As we traveled south, my fellow passengers passed around a small, hand-rolled
cigarette, smuggled in from the “outs”. Normally, I’m a cranky non-smoker
with no tolerance for second-hand corporate death, but while I was cuffed
I fully supported and even “kept six” (kept a lookout) for these rebel
addicts, getting their illicit nic fixes on the sly.
We arrived during lunch. After yet another photo session, they gave us
our red prisoner jogging outfits and we chowed down on a comparatively
delicious lunch of egg salad sandwich, grape juice and apple. Then I was
taken up an elevator to the fourth floor. My new home: Unit H.
There is a vast difference between a pre-trial jail and a post-trial jail.
Surrey Pre-trial had a games room complete with a pool table, table tennis
and foozeball. It had a weight room and gymnasium, and they even had a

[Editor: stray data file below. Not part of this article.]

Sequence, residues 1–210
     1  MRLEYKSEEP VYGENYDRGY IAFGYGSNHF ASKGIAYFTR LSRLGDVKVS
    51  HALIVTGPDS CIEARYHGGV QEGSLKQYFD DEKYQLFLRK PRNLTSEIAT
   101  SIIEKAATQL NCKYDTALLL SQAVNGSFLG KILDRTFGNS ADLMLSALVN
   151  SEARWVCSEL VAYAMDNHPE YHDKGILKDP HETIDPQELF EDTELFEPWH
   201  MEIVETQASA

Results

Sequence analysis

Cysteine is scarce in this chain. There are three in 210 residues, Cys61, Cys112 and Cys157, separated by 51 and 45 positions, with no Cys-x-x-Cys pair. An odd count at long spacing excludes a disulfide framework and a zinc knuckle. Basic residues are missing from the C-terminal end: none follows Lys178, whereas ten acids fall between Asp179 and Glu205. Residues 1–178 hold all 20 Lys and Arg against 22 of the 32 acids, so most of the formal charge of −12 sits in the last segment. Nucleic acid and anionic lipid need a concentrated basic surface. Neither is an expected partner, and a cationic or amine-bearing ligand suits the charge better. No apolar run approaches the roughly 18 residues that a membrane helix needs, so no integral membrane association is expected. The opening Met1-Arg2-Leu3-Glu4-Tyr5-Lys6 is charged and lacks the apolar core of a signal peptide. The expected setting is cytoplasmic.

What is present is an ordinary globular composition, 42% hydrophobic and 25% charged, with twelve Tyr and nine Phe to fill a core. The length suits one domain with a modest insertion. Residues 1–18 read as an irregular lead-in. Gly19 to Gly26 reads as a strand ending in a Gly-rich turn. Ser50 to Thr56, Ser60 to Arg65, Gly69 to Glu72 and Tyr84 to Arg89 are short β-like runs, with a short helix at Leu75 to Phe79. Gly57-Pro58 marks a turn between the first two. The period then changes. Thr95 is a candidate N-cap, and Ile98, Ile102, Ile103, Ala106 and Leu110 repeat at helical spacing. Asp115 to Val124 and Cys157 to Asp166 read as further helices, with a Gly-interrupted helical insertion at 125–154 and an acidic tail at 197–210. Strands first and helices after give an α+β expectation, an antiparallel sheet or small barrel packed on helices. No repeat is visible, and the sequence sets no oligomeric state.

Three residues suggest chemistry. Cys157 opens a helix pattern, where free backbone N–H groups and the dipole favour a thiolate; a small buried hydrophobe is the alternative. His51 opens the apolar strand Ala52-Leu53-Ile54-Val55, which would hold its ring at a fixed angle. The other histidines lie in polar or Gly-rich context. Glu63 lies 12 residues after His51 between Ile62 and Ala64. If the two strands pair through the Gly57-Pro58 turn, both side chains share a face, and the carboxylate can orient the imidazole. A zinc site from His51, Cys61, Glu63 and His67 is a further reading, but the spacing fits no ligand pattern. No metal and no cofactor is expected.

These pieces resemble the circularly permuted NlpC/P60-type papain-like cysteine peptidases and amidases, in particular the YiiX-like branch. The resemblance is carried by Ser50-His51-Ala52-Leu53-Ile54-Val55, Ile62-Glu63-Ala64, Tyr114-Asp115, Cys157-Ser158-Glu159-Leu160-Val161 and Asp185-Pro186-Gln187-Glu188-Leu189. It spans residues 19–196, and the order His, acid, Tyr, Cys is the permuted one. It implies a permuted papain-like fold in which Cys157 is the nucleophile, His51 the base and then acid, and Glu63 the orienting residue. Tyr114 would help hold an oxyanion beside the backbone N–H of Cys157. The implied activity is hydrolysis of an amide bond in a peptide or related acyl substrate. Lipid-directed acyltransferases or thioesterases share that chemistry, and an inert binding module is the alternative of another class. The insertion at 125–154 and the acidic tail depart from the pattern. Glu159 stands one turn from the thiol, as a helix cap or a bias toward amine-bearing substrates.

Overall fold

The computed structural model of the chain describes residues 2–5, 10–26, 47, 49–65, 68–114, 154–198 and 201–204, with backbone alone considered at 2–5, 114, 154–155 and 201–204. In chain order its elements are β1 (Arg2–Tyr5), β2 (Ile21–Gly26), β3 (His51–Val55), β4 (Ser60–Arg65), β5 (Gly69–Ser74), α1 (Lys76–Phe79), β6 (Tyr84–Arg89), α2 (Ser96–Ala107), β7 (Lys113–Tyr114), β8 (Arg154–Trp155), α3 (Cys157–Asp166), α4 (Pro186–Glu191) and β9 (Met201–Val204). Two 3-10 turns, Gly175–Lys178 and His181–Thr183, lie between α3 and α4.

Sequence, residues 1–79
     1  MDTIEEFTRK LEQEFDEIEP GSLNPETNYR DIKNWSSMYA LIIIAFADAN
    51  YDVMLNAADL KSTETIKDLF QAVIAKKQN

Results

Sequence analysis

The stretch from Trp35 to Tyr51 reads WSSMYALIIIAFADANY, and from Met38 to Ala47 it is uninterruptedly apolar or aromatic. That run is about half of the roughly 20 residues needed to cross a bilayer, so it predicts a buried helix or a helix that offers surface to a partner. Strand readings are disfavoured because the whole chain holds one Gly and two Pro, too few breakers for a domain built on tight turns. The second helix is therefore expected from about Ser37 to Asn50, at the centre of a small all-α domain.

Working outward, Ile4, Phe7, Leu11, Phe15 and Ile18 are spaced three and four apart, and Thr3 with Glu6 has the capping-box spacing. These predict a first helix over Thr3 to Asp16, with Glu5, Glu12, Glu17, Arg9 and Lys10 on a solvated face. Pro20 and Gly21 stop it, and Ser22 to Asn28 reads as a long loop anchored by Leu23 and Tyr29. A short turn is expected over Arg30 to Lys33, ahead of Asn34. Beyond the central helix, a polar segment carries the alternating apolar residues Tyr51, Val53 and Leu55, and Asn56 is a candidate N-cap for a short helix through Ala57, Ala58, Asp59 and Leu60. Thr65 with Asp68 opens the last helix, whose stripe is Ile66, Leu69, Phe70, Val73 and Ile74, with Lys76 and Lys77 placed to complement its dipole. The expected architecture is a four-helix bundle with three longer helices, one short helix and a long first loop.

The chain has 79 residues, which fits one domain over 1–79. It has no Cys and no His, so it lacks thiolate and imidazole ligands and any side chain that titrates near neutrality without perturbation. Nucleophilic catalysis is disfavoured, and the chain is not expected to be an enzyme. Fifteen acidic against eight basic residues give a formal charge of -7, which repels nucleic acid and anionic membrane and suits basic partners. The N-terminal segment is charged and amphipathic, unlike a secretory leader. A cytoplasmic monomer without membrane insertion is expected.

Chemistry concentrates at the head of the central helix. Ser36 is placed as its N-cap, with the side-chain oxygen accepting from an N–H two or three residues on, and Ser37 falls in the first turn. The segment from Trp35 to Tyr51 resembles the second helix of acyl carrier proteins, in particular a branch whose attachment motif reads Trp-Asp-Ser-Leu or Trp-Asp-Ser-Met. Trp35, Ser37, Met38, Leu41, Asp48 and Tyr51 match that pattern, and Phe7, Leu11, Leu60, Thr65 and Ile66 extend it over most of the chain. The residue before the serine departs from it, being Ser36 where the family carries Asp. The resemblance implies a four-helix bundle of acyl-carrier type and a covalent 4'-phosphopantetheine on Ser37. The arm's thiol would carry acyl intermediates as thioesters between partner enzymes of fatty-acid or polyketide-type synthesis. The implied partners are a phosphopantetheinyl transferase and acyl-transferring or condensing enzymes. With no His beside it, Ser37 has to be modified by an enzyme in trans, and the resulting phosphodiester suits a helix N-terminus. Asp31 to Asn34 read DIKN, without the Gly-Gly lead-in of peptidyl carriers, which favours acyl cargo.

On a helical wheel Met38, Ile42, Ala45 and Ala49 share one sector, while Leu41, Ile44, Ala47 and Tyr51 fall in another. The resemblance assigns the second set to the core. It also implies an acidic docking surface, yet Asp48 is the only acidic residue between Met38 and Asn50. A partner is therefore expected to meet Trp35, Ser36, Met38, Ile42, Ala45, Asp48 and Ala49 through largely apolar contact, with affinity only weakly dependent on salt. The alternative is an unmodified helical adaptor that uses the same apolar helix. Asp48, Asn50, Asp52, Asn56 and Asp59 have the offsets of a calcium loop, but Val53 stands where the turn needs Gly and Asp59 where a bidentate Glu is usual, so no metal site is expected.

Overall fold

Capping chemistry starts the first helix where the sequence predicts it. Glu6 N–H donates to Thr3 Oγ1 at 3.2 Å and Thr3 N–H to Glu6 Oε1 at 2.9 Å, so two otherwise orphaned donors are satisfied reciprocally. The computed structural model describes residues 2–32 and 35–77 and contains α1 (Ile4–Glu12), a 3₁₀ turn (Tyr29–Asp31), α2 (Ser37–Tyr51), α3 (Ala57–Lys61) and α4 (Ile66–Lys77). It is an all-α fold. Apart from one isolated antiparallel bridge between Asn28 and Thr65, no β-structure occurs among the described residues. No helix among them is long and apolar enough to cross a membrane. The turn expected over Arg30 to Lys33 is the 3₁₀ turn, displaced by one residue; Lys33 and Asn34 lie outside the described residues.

hackysack for me! There was a SuperNintendo 64, the most advanced game
system I have ever seen. There was soft porn movies on the TV, and some
guys had a TV set in their cells. You could even smoke in your cells.
Not a bad place to spend time, provided you weren’t a vegetarian non-smoker
who liked privacy, non-fiction books and dental floss.
I’m sure there are men who live just to get sent to pre-trial. Three squares
a day in the most exclusive men’s club south of Planet Hollywood. If our
rulers were only as kind to the people on the outside. All I wanted to
do was survive and get the hell out of there ASAP.
My hair was providing me with a bit of a challenge. I think it was the
first time most of the guards and prisoners had seen green dreads. There
was a lot of teasing and threats of haircuts, but it was soon looked upon
like a tattoo: a bit of self expression they couldn’t easily steal from